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Xeon E3-1200 v2 Is A Power Story, Not A Performance One

Intel Xeon E3-1280 v2 Review: Ivy Bridge Goes Professional
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Based on our performance results, it’s clear that Intel’s Xeon E3-1280 v2 is a marginally-faster chip than its predecessors, the Xeon E3-1290 and -1275. The -1280 v2 operates at the same 3.6 GHz as the -1290, and stretches up to the same 4 GHz Turbo Boost limit. Both chips are quad-core parts with 8 MB of shared L3 cache and no processor graphics functionality.

In fact, it’s easier to list off the differences between them than their similarities.

There’s the Ivy Bridge architecture, most notably. The slight improvements Intel made to it confer, on average, a 3.8% speed-up at a given clock rate.

By simultaneously shifting to a 22 nm manufacturing process, Intel reduces the Xeon E3-1280 v2’s TDP by almost 30% compared to the 95 W Xeon E3-1290. In practice, across our benchmark suite, the -1280 v2 helped knock back power consumption by almost 7%. So, that’s almost 4% more performance at almost 7% less average platform power.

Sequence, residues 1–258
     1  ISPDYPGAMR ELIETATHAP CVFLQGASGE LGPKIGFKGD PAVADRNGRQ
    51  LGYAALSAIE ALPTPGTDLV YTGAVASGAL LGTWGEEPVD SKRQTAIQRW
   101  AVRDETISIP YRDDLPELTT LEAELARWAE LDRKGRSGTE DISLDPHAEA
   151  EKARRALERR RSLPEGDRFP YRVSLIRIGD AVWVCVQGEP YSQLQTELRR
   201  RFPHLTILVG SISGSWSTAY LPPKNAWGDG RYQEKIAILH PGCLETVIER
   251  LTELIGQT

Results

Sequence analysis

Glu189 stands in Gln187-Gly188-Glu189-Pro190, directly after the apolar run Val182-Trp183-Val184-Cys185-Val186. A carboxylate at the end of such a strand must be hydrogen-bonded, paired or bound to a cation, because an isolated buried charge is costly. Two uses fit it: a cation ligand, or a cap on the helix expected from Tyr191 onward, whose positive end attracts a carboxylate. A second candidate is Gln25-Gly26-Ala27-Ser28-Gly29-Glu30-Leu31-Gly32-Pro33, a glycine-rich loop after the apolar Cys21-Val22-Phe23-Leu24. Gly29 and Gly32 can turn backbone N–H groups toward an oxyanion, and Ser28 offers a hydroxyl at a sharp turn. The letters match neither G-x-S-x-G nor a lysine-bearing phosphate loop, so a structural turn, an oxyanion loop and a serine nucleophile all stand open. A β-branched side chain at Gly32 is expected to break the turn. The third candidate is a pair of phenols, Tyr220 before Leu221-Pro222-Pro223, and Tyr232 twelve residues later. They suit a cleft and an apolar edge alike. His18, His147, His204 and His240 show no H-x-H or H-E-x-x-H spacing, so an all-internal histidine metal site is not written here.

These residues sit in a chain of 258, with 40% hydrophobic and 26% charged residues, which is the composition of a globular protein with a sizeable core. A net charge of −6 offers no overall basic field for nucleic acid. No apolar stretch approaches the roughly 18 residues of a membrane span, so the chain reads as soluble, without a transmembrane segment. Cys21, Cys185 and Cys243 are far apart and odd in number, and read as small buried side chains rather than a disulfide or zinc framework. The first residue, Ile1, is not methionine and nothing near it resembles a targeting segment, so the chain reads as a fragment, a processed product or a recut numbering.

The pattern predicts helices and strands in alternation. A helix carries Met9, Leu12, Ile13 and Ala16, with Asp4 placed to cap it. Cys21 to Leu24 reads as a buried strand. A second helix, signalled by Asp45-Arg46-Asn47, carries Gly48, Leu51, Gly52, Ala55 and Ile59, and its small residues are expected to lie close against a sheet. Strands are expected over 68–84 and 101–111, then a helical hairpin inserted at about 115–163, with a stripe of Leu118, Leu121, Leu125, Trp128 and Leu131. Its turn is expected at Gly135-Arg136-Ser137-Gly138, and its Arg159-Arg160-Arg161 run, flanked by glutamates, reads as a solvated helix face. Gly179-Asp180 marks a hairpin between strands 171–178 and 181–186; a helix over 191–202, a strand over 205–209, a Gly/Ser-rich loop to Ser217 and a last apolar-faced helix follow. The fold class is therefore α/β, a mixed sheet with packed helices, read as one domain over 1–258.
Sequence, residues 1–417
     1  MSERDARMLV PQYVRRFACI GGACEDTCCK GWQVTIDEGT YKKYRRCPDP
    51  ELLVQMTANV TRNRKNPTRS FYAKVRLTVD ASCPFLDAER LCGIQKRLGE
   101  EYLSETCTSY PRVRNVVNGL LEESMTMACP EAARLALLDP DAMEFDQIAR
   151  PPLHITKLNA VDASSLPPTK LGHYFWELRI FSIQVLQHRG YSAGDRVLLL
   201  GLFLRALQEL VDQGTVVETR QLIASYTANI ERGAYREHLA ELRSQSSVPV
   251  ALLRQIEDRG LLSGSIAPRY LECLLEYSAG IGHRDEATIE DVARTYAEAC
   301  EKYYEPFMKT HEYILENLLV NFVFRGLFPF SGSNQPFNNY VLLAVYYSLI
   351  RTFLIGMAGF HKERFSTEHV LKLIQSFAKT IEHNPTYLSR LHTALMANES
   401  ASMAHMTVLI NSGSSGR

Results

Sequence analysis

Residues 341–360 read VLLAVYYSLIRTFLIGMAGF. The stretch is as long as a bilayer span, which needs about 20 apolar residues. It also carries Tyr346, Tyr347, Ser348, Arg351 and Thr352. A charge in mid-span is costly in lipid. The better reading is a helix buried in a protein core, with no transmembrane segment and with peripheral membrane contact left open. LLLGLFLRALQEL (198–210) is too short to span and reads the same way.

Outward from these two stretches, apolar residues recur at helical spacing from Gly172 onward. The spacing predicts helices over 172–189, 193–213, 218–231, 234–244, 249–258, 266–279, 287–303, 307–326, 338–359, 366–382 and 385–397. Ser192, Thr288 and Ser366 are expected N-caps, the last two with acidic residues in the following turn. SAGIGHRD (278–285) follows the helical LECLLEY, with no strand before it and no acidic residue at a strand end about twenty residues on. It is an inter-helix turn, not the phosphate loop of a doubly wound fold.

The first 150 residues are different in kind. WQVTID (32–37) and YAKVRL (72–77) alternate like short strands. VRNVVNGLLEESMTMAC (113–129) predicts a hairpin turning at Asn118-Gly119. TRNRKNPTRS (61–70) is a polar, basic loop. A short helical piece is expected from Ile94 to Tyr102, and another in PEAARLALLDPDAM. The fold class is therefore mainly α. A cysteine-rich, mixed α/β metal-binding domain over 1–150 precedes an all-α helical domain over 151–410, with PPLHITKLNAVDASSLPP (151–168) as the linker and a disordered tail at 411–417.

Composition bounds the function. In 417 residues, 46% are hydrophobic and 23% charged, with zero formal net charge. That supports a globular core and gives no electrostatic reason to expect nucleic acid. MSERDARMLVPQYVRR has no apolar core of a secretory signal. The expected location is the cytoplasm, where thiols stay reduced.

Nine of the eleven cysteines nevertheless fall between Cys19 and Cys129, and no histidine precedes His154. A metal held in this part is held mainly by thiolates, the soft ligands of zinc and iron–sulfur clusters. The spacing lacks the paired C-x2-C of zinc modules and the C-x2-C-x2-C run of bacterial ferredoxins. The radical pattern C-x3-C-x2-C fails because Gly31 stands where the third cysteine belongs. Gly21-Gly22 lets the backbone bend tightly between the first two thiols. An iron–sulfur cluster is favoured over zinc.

Now, compare where those two chips are selling. At launch, the Xeon E3-1290 was an $885 processor. The tray price on the -1280 v2 is $612—70% of the previous-generation flagship’s cost.

Upgrades are rare in the server and workstation space, so it’s highly unlikely that anyone would take a Xeon E3-1280 v2 and drop it into an existing LGA 1155-based box with an older CPU in it. However, system builders have to be happy about the prospect of a cheaper, faster, more power-efficient chip that works with existing motherboards.

I wasn’t particularly excited about Ivy Bridge in the desktop space. Meager performance improvements and disappointing overclocking made it impossible to recommend a new chip to anyone who purchased a new platform based on our endorsement of Intel’s Sandy Bridge design. But Xeon E3 targets a different customer. And the company’s entry-level server/workstation platform is more diverse than its desktop line-up based on the same design.

More than likely, integrators will shift over to second-gen Xeon E3s fairly transparently; you won’t have to make a conscious decision to seek out one of the new CPUs. But it’s good to know, once the performance data is collected and the power information compiled, that the newest LGA 1155-based Xeon chips do everything better than the models they replace, and often for a lot less money.

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